Can’t wait to read part 2. Great interview. A chance to pick James Wyatt’s brain….every gamer’s dream.

    ~Krys~

  12. Scott says:

    @John,

    I live in the Whitsundays, which is Central Coast Queesnland. Roughly 1500 miles from SE Queensland or Brisbane where GenCon Oz is. (I’m currently planning on going to the next one). Also i currently have 2 play groups with 6 players in each. So players and gamers in general aren’t hard to find in this country, it’s the products that are almost impossible to find in this country.

    So without the internet i doubt i would have ever been able to get into RPG’s or pick up my 1st rules book and i believe that to be the case for several people. I guess all i was trying to say is that the growing online availiability of the table-top game is more than likely the future and coupled with more people playing video games online and in general, more people may try RPG’s because of games like WoW and the unavoidable restrictions they have.

    RPG’s and MMO’s will never see eye to eye on many things and neither will their players. However i believe they do alot more for each other than alot of people think, but thats just my opinion.

    Scott

  13. Gull2112 says:

    I, like many others here, have been playing D&D since first edition. My group played 3.0 – 3.5 and had fun. Next, for some variety, we played Star Wars RPG and mid-campaign switched to SAGA. Our very first reaction after a gaming session with SAGA was “Hey wow! This is how D&D should play! Lets convert it while we finish up the SAGA campaign and start a fantasy campaign!” A few weeks into our conversion process we learned that WotC was doing the very same thing and we couldn’t have been more enthusiastic.

    We have not been disappointed. In fact, we are very excited. I don’t get what people mean when they say they feel limited by 4E. For one thing, a collapsed skill set gives you more flexibility because you are expected to find a closely approximate skill and use that. When you have a huge skill list there is a greater tendency to say things like, “well, you don’t have disarm natural traps so you can’t do it.” This was a very limiting factor with Rolemaster. I really like the level bonuses because I hope to never hear my ranger player plaintively cry “but I’m a ranger, I should know these things!”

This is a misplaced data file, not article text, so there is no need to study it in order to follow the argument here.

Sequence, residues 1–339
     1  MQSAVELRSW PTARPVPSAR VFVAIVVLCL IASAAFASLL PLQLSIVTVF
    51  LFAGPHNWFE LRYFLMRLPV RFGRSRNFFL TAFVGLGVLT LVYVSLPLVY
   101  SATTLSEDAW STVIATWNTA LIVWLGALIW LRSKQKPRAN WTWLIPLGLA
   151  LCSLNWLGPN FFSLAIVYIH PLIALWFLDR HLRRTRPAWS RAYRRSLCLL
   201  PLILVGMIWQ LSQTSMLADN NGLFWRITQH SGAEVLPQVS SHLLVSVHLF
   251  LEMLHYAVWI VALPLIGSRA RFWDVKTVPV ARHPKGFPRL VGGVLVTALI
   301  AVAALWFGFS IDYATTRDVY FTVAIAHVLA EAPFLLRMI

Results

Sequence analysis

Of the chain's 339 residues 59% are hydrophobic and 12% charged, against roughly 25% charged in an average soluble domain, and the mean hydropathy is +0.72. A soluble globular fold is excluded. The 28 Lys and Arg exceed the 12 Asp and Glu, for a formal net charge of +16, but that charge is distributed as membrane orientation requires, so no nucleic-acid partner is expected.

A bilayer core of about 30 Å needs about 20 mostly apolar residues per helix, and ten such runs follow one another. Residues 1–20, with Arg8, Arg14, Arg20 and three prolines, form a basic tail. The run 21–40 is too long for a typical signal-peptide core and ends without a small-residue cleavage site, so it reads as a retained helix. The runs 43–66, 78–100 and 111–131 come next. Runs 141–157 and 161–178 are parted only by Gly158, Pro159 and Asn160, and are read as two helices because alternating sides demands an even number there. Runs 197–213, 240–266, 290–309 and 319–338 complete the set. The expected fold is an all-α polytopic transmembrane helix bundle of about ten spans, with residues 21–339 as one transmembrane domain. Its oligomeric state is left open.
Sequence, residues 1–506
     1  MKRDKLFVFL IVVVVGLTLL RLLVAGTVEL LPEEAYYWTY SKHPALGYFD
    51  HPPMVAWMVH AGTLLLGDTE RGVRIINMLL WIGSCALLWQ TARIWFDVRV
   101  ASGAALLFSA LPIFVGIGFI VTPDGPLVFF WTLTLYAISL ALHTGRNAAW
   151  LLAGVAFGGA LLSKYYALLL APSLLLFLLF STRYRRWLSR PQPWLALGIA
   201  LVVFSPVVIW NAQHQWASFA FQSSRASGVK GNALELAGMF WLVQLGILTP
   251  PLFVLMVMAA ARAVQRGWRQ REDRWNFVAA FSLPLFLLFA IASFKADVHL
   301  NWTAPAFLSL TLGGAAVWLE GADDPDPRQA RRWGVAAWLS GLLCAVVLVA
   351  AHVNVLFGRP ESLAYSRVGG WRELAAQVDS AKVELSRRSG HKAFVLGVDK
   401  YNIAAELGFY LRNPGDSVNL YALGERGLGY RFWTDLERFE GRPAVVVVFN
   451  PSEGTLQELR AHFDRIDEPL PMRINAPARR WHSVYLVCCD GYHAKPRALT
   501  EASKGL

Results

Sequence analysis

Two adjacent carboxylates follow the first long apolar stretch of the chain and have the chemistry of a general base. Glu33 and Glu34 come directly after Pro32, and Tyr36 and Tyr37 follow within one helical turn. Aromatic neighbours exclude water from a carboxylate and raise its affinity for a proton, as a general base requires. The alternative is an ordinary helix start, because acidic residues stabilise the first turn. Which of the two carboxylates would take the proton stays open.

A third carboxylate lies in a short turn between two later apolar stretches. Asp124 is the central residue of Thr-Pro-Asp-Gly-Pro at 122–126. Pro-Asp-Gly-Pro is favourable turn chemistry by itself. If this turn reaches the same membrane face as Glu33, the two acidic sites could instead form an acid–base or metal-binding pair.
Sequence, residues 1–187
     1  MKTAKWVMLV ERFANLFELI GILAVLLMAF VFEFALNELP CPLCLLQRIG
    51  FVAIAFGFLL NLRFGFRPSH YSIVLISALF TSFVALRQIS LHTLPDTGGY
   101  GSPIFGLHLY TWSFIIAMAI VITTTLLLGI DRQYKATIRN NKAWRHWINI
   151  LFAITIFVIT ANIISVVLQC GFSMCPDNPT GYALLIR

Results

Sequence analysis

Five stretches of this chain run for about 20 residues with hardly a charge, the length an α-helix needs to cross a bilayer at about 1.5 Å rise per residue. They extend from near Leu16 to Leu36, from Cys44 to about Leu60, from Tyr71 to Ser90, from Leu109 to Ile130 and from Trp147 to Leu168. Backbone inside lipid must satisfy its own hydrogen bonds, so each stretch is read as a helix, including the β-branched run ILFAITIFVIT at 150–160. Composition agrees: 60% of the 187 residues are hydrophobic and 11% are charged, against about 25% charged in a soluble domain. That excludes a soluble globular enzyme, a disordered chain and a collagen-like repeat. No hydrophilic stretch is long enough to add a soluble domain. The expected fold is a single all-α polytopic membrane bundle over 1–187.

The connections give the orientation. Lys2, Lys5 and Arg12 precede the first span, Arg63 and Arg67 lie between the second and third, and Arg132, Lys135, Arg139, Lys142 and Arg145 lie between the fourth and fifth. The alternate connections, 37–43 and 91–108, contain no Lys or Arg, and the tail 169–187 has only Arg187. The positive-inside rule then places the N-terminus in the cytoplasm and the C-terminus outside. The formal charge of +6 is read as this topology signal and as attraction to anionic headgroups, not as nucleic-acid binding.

I read troll rants and thresh out the actual content and dismiss the adjectives and superlatives. Ultimately, if somebody doesn’t like the Ardent flavor, they don’t have to play one. On the other hand, if we want to play a charismatic psionic leader type, well we’ve got that option.

    James, keep doing what you are doing. You are making a game that’s fresh and fun and we thank you.

  14. I like Pete’s post. Tabletop RPGs have an appeal video games don’t quite match.

    I ignore people saying 4E is the worst RPG ever. Typically they’ve never played anything but D20. What they really mean is “I like third edition.”

  15. Wayfinder says:

    4E is not the worst RPG system in the world. That honor goes to The World of Synnabarr. 4E is an awful system, geared more for a loose wargame out of an attempt to amuse the MMO crowd than a real RPG, but it’s not Synnabarr.

    And no, I’m sorry, even the best GMs cannot make great campaigns with lousy systems. Assuming that you’re playing as close to the rules as given, many systems just are too clunky and too absurd to be believed. Synnabarr is another great example. This is a game that had you doing a lot of pre-Trig mathematics just to know how far back you’ve been knocked back by an explosion. Palladium’s games are filled with characters that have upwards of five or six attacks per melee in a 15 second combat round. You try tracking them all accurately with four to six people playing at your table and see how far into an adventure you get.

    So naturally you’re going to do a lot of fudging, and I judge a system based on how much you end up doing. So far, the only game system I haven’t ever fudged any rule on is Savage Worlds because I don’t have to. The game is simple and it works extremely well. Granted, it’s not for everyone; it’s not as complex in and of itself as some people like, but you can make it so if you want.

  16. Dra8er says:

    @Wayfinder